The Band’s Visit delivers a heartwarming lesson about the power of love and music at the Donmar Warehouse
“Nothing’s as surprising as the taste of something strange”
Sometimes you do wonder what the bit of magic is that allows seemingly unassuming shows to shimmer their way to success – The Band’s Visit feels like one of those shows. Based off a 2007 Israeli film by Eran Koliran, Itamar Moses (book) and David Yazbek’s (music and lyrics) adaptation grew from Off-Broadway beginnings to 10 Tony Award-winning Broadway success. Yet as it makes its European bow at the Donmar Warehouse, it feels like it could be the slightest of things.
The Alexandria Ceremonial Police Orchestra have been invited to the Israeli town of Petah Tikvah for the opening of an Arab Cultural Centre but due to a mispronunciation, end up in Bet Hatikvah, a place way out in the desert with only one bus a day. And as they have to wait til tomorrow for the next one, sticks in a town in Israel, they’ve got to make nice with the locals despite much mutual suspicion. And in terms of formal plot, that’s about it, not so much on paper but so much more onstage.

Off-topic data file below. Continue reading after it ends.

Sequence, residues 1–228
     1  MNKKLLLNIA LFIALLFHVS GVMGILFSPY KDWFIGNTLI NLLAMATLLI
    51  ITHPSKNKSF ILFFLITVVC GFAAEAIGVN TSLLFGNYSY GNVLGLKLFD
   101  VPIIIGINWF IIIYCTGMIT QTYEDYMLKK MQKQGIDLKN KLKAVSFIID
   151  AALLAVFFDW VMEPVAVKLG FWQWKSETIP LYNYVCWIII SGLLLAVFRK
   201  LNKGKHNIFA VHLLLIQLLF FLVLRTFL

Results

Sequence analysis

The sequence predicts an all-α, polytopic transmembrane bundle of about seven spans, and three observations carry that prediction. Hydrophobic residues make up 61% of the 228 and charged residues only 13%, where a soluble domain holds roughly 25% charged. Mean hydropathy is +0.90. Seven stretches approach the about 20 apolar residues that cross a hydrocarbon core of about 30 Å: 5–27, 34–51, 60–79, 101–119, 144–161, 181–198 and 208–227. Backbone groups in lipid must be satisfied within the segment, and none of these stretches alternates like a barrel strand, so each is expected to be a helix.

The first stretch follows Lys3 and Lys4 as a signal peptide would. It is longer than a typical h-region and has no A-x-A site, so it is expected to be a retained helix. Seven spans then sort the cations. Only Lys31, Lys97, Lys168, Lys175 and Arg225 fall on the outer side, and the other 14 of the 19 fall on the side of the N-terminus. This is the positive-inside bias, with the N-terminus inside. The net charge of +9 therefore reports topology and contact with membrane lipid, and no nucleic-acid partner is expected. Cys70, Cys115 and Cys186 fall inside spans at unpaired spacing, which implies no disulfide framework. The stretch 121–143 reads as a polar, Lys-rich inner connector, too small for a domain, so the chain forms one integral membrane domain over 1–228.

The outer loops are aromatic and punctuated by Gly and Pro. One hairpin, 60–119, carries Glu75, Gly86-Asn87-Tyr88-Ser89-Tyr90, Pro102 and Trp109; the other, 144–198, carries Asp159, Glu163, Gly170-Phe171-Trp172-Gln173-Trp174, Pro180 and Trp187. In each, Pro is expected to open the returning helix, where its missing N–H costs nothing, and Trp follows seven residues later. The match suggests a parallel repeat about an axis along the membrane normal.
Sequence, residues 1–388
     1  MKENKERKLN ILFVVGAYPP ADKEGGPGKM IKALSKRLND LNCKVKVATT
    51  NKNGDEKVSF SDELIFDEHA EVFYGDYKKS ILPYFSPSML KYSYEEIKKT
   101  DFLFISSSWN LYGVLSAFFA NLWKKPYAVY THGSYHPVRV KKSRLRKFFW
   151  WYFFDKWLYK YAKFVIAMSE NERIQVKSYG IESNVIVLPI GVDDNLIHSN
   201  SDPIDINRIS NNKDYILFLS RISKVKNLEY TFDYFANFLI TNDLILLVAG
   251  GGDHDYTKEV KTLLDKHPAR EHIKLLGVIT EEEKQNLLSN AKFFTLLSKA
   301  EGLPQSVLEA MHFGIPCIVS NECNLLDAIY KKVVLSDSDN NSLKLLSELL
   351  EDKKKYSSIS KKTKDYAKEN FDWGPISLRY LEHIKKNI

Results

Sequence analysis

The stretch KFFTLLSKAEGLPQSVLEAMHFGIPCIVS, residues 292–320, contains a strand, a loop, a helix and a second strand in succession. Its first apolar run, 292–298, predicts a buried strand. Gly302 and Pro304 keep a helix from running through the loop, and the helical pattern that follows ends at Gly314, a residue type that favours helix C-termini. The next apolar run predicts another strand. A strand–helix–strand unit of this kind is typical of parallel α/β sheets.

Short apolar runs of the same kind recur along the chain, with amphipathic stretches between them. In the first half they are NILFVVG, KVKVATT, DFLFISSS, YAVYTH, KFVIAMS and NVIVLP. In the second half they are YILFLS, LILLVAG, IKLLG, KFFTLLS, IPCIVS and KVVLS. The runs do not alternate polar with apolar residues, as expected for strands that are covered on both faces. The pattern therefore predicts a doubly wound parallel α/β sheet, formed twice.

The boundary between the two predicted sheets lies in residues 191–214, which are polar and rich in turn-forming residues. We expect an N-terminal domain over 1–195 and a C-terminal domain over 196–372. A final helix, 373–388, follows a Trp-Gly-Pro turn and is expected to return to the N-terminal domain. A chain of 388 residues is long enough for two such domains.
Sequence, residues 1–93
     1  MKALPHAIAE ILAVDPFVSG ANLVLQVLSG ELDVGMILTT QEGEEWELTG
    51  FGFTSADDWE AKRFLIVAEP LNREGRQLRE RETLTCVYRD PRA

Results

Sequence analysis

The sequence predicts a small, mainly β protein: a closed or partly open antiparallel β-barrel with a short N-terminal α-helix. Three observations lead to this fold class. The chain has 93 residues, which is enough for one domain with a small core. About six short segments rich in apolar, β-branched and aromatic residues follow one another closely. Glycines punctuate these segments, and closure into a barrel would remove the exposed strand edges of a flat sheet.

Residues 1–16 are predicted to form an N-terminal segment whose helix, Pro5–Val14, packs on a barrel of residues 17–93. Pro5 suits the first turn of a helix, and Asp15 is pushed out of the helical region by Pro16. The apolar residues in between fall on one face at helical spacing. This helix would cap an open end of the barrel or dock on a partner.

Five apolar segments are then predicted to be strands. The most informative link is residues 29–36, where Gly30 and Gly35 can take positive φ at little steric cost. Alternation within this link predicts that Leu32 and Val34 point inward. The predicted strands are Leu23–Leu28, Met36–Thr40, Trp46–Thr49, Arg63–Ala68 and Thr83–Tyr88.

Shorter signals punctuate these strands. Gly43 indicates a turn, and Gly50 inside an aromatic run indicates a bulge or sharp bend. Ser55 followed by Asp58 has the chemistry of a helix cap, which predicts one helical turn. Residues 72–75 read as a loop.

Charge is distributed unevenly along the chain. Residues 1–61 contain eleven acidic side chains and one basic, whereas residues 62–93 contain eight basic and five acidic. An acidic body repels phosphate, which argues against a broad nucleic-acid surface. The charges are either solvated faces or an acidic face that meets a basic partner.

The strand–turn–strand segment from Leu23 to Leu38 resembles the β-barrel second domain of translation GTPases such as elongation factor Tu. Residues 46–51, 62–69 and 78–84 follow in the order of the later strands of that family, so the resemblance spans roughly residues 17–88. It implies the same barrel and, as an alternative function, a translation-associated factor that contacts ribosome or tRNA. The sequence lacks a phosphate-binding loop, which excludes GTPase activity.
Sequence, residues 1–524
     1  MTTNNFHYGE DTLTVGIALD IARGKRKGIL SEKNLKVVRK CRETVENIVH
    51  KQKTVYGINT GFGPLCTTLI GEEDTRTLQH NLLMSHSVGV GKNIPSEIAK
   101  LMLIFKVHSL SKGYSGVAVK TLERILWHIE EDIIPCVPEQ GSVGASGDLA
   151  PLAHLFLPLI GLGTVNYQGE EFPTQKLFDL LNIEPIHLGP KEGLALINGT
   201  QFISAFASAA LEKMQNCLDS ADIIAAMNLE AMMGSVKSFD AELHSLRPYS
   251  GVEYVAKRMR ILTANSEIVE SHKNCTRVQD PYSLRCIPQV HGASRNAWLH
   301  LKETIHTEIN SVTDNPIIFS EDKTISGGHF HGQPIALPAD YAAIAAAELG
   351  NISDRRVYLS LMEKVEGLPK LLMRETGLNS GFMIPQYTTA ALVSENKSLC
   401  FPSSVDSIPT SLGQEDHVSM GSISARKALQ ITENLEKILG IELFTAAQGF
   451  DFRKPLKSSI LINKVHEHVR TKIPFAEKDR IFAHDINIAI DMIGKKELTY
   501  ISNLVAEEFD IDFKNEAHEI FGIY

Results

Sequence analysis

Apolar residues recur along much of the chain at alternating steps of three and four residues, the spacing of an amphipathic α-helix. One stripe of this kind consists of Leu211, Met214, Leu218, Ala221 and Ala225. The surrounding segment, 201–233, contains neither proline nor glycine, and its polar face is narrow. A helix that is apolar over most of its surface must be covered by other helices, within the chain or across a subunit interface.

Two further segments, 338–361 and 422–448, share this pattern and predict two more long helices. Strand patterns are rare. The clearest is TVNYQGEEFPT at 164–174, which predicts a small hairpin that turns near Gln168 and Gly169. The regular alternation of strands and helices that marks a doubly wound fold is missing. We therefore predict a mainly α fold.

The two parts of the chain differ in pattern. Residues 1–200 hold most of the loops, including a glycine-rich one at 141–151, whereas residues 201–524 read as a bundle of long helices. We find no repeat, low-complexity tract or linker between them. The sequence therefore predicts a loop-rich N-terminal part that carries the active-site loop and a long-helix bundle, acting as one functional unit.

The focus falls on the people as, naturally, they discover they’ve lots to learn from each other, even in so short a time as they’re given here. Led by widowed conductor Tewfiq finding common ground with cafe owner Dina, band members and villagers make connections across the town – teaching lessons about the power of music, empathy and love (or at least flirting), at least if you’re a man (Dina aside, the women of this story get extremely short shrift).
With a gentle sweetness of heart, Michael Longhurst’s production proves to be charm itself. Wisely casting internationally, the gorgeously voiced Miri Mesika as Dina and Alon Moni Aboutboul as Tewfiq lead powerfully, and Yazbek’s score draws effectively on influences from the region. Soutra Gilmour’s set with its revolve opens the space to allow room for the onstage musicians to do their thing and in supporting roles, there’s beautiful work from Sharif Afifi, Peter Polycarpou and Harel Glazer. If only ignoring the political were so easy in real life.